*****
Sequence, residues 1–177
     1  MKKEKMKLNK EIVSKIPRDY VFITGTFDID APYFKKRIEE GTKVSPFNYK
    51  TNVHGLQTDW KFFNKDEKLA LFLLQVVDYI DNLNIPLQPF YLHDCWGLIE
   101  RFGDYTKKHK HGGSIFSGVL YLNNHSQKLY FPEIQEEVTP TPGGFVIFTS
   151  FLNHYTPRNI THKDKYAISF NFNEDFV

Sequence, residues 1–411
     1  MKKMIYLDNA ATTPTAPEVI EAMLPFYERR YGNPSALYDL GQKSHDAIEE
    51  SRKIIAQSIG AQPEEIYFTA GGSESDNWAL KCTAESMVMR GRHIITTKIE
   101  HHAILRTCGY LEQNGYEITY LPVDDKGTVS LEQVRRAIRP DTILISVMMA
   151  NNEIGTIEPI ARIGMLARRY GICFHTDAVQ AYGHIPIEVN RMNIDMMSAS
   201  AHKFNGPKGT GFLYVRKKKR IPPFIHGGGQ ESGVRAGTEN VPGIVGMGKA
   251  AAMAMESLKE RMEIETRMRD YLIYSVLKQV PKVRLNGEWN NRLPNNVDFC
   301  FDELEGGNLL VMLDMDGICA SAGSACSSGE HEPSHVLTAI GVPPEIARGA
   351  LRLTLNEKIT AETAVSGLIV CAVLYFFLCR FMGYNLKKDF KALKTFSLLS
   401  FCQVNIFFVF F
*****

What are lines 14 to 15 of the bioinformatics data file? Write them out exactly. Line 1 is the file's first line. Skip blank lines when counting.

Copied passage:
   351  LRLTLNEKIT AETAVSGLIV CAVLYFFLCR FMGYNLKKDF KALKTFSLLS
   401  FCQVNIFFVF F